5. Develop civic virtue. Sanctity for a layperson is incompatible with withdrawal from the world. It is necessary to be active in one’s community, to know about local politics, to know about national politics. Civic virtue is not activism; it consists, rather, of natural habits of acting which are often neglected by a religious person. And for most of us there is no need of extraordinary action: the cumulative and steady effect of the practice of ordinary civic virtue will itself be great.

6. Be an evangelist. The spread of the gospel depends largely on the actions of laypersons. In countries hostile to Christianity, it is often only the layperson who can communicate the good news. In countries which have been secularized, such as European countries and parts of North America, the task of re-evangelization needs to take place from within, by laypersons. But, again, what is needed is not so much extraordinary action, such as preaching on a street corner, but constant and cumulative actions that are small in scope, such as conversations with friends. Yet even these little actions will not happen by themselves, so a layperson needs to acquire an apostolic outlook in everything he does. This should consist in a certain joy in being a Catholic, a joy which one wishes above all to share with others.

7. Keep clear of clerical matters. A layperson has to know where he should work and where his efforts would be misdirected. His proper sphere of action is in the world: family, friends, work, culture. Although serious problems in the hierarchy of the Church can and do arise, usually the lay person’s best course of action is to pray and offer up mortifications, but not to interfere. Likewise, although a layperson should assist his pastor and play a role in his parish, his Christian life should not consist primarily of this, since the parish’s function is to assist his activity in the world. Similarly, he should scorn fads and fashions in liturgy and theology. They are at best a distraction, a diversion — they give the illusion of progress and improvement, when the things that really ought to be done are neglected. A layperson needs to have a kind of constancy in church matters, so that his apostolic attention can be centered elsewhere.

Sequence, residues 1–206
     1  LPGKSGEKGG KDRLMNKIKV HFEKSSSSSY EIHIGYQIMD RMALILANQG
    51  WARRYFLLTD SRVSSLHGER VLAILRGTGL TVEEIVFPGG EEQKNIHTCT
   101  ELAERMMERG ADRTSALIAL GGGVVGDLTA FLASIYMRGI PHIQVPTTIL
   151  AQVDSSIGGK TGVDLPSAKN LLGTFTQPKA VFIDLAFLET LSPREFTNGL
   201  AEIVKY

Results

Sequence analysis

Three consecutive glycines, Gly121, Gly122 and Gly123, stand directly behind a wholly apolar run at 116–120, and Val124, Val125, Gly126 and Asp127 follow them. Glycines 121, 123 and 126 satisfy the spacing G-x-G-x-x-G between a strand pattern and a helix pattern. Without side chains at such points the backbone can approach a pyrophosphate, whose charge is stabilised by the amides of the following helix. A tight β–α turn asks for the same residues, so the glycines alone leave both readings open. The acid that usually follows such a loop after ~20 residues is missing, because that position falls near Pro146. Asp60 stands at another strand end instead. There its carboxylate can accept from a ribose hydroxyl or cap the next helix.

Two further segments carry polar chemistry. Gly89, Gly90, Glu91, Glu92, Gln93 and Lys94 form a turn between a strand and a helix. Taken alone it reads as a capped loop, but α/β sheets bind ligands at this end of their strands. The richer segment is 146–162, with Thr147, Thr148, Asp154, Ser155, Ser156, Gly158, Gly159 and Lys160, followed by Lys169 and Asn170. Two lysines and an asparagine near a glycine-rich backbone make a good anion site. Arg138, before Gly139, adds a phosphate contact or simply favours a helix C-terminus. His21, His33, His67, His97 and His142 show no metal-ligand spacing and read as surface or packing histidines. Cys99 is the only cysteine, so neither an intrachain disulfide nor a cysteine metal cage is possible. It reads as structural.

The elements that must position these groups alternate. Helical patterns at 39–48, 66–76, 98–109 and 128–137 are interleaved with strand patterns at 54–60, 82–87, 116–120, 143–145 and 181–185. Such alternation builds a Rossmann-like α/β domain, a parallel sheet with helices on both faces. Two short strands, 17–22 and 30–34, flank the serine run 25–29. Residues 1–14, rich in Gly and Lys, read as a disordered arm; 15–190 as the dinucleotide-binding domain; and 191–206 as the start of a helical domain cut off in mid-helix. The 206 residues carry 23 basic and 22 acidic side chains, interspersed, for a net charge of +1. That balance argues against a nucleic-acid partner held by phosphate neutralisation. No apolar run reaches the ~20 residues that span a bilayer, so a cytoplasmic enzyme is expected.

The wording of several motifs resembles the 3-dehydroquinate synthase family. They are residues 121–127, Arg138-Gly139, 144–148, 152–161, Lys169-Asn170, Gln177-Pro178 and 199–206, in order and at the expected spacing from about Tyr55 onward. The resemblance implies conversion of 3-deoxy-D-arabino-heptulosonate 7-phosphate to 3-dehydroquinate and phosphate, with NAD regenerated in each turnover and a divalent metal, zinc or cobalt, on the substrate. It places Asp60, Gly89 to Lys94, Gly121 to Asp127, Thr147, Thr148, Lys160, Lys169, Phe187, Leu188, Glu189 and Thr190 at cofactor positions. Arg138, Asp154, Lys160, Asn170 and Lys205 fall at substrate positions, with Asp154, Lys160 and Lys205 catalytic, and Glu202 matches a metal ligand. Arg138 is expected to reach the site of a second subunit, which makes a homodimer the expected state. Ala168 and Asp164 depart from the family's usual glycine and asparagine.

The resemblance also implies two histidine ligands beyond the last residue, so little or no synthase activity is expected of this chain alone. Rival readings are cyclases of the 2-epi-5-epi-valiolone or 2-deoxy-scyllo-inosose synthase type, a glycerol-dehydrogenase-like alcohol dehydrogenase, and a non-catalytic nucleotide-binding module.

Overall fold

8. Be prepared for the long haul. A layperson needs to acquire a certain calmness that comes from taking a long view of things. Knowledge of history, especially of other troubled times in the Church, is here very helpful. For example, it is useful to know that it took 400 years for the Church in general to implement some of the more elementary reforms of the Council of Trent. The pope, it has been said, thinks in centuries: we would do well to imitate him — thinking in centuries, while acting today. And, more than calmness, one needs a sense of humor and a certain cheerful optimism. This for two reasons: first, because we know that, in other areas of our life, we are effective only if we possess these; second, because when we are faithful to the teaching of the Council, God is on our side, and God does not lose battles. “All things work to the good of those who believe.” The spirit of Vatican II is a cheerful and optimistic spirit, not superficially so, but rooted in the Cross.

Michael Pakaluk

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Michael Pakaluk is Ordinary Professor of Ethics and Social Philosophy at The Catholic University of America. A Newman scholar, he is working on a book on Newman as philosopher. His latest book is The Memoirs of St. Peter: A New Translation of the Gospel According to Mark (Regnery, 2019).